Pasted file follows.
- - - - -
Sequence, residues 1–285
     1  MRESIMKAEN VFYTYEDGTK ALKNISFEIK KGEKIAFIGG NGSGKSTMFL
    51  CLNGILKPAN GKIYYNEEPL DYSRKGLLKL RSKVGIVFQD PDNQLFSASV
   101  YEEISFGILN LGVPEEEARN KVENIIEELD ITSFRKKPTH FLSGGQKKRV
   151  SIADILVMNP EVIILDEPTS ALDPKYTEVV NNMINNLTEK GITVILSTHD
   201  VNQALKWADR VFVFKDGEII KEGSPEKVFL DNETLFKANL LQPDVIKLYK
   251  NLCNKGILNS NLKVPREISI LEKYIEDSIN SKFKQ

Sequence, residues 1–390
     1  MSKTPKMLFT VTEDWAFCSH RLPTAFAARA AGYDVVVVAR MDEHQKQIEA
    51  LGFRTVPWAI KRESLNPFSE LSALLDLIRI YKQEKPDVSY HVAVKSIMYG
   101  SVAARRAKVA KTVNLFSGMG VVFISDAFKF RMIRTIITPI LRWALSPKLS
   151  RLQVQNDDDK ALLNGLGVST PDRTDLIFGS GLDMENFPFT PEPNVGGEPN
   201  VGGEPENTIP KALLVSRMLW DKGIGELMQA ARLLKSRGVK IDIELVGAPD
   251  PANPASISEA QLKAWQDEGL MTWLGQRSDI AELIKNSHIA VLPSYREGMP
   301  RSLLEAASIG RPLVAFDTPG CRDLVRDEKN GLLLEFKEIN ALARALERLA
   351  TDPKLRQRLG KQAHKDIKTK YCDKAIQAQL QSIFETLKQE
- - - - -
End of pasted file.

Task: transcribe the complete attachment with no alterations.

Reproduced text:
Sequence, residues 1–285
     1  MRESIMKAEN VFYTYEDGTK ALKNISFEIK KGEKIAFIGG NGSGKSTMFL
    51  CLNGILKPAN GKIYYNEEPL DYSRKGLLKL RSKVGIVFQD PDNQLFSASV
   101  YEEISFGILN LGVPEEEARN KVENIIEELD ITSFRKKPTH FLSGGQKKRV
   151  SIADILVMNP EVIILDEPTS ALDPKYTEVV NNMINNLTEK GITVILSTHD
   201  VNQALKWADR VFVFKDGEII KEGSPEKVFL DNETLFKANL LQPDVIKLYK
   251  NLCNKGILNS NLKVPREISI LEKYIEDSIN SKFKQ

Sequence, residues 1–390
     1  MSKTPKMLFT VTEDWAFCSH RLPTAFAARA AGYDVVVVAR MDEHQKQIEA
    51  LGFRTVPWAI KRESLNPFSE LSALLDLIRI YKQEKPDVSY HVAVKSIMYG
   101  SVAARRAKVA KTVNLFSGMG VVFISDAFKF RMIRTIITPI LRWALSPKLS
   151  RLQVQNDDDK ALLNGLGVST PDRTDLIFGS GLDMENFPFT PEPNVGGEPN
   201  VGGEPENTIP KALLVSRMLW DKGIGELMQA ARLLKSRGVK IDIELVGAPD
   251  PANPASISEA QLKAWQDEGL MTWLGQRSDI AELIKNSHIA VLPSYREGMP
   301  RSLLEAASIG RPLVAFDTPG CRDLVRDEKN GLLLEFKEIN ALARALERLA
   351  TDPKLRQRLG KQAHKDIKTK YCDKAIQAQL QSIFETLKQE